Other than the game clock being off, the normal rules of basketball apply. There’s still a shot clock, fouls are still called, etc. But now the leading team can’t bleed out the clock, and the trailing team has no reason to intentionally foul them. The only way to get the ball back is with a defensive stop. The only way to win the game is by sinking a basket. There are no shortcuts.
And therein lies the beauty of the Elam Ending: every single game ends with a game-winning shot. Critics point out that this shot could be a free throw. But that’s OK. Sure, you’d like to see it decided with a huge LeBron James dunk or one of those Steph Curry off-the-dribble bombs from the centre-court logo. But imagine the drama of, say, Kyle Lowry stepping to the foul-line late in an NBA Finals game, his Raptors just one point away from the target score. That’s a level of excitement we’re simply not getting with the late-game free throws we see now.
Another perk of the Elam Ending: you can customize it. At this year’s NBA All-Star Game, rather than use the default settings of four minutes left and seven points, they made it the entire fourth quarter and 24 points — a nod to Kobe Bryant’s jersey number. The whole thing was a hit with players and fans. Some even suggested the Elam Ending should be used for meaningful games.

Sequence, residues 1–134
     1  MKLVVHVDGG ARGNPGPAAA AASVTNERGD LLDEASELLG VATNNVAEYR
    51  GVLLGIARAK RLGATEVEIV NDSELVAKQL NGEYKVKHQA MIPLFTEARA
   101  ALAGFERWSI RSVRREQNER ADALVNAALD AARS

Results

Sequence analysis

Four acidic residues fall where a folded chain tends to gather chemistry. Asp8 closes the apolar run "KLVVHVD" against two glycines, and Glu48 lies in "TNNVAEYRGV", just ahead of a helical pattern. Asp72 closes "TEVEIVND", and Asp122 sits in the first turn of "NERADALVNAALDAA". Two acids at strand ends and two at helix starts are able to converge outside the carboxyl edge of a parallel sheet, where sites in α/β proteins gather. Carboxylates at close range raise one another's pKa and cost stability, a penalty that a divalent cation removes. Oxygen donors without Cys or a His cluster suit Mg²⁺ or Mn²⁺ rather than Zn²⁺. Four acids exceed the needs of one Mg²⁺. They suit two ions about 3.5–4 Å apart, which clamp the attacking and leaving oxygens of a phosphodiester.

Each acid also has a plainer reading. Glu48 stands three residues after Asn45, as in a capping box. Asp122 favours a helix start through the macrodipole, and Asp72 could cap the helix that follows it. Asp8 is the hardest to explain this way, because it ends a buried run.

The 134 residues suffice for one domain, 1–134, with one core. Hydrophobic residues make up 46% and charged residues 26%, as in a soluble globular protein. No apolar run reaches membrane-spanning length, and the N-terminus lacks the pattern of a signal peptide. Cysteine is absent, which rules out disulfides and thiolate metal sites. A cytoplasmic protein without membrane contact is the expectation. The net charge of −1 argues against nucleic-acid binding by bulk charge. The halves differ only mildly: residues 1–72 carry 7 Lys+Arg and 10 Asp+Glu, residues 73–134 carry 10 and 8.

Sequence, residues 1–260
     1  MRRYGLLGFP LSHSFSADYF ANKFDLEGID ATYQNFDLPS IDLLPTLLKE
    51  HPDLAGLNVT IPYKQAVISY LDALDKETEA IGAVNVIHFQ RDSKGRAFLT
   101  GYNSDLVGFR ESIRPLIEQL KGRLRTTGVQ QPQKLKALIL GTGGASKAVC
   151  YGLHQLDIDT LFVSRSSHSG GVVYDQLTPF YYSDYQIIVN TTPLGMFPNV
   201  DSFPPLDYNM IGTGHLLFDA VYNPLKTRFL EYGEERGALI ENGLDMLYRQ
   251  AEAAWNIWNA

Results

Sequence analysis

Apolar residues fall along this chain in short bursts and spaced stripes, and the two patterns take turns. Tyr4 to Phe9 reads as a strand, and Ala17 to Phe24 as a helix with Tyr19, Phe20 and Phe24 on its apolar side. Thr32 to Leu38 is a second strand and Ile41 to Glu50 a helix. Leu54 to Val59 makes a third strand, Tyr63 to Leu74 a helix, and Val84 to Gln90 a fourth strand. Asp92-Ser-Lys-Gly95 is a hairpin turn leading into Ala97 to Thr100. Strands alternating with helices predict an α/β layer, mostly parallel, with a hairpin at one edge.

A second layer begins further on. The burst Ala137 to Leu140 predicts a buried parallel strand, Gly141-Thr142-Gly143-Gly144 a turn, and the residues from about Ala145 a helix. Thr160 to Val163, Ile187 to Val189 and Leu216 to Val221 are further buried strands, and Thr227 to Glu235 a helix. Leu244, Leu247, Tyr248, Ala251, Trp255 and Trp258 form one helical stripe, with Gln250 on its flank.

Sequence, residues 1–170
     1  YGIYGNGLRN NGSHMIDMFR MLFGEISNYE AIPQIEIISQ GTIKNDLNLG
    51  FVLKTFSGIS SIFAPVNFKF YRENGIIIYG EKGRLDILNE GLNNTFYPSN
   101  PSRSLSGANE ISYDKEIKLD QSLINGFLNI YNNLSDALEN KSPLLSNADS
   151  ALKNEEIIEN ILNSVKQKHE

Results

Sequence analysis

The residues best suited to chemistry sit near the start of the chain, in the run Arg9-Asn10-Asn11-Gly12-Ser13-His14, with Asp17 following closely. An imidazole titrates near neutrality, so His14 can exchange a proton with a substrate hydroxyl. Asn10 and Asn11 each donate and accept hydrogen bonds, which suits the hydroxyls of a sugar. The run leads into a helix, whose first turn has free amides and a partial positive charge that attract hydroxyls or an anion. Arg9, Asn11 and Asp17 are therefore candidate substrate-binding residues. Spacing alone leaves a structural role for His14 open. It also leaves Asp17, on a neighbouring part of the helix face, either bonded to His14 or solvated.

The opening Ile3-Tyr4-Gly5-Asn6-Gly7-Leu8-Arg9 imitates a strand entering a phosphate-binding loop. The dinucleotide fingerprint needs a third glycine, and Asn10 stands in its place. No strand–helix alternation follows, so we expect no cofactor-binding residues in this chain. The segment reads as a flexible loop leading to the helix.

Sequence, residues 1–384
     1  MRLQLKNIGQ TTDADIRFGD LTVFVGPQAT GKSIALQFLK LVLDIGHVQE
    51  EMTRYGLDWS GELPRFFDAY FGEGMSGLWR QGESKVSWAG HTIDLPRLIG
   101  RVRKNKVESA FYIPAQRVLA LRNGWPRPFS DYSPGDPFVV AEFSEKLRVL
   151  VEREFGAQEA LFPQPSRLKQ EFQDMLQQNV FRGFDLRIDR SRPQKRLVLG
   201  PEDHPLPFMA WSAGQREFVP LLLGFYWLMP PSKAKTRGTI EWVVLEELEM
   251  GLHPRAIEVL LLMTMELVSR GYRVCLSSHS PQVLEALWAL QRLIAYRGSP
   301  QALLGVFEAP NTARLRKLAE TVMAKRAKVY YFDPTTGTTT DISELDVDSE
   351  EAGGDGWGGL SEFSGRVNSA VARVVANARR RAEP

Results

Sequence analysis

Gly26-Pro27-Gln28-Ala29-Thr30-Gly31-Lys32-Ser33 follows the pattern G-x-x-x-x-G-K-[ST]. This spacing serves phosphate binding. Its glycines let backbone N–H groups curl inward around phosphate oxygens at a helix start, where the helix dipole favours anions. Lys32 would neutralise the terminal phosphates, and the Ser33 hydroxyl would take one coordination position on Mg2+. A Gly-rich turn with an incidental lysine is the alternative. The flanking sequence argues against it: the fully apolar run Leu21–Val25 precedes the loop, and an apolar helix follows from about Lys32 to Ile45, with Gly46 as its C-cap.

The Canadian Elite Basketball League is doing exactly that. For its upcoming Summer Series tournament in St. Catharines, Ont., the CEBL is using a slightly modified version of Nick Elam’s template. As the professor suggested, the Elam Ending will go into effect at the first stoppage after the 4:00 mark of the fourth quarter. But the target will be the leading team’s score plus nine (not seven).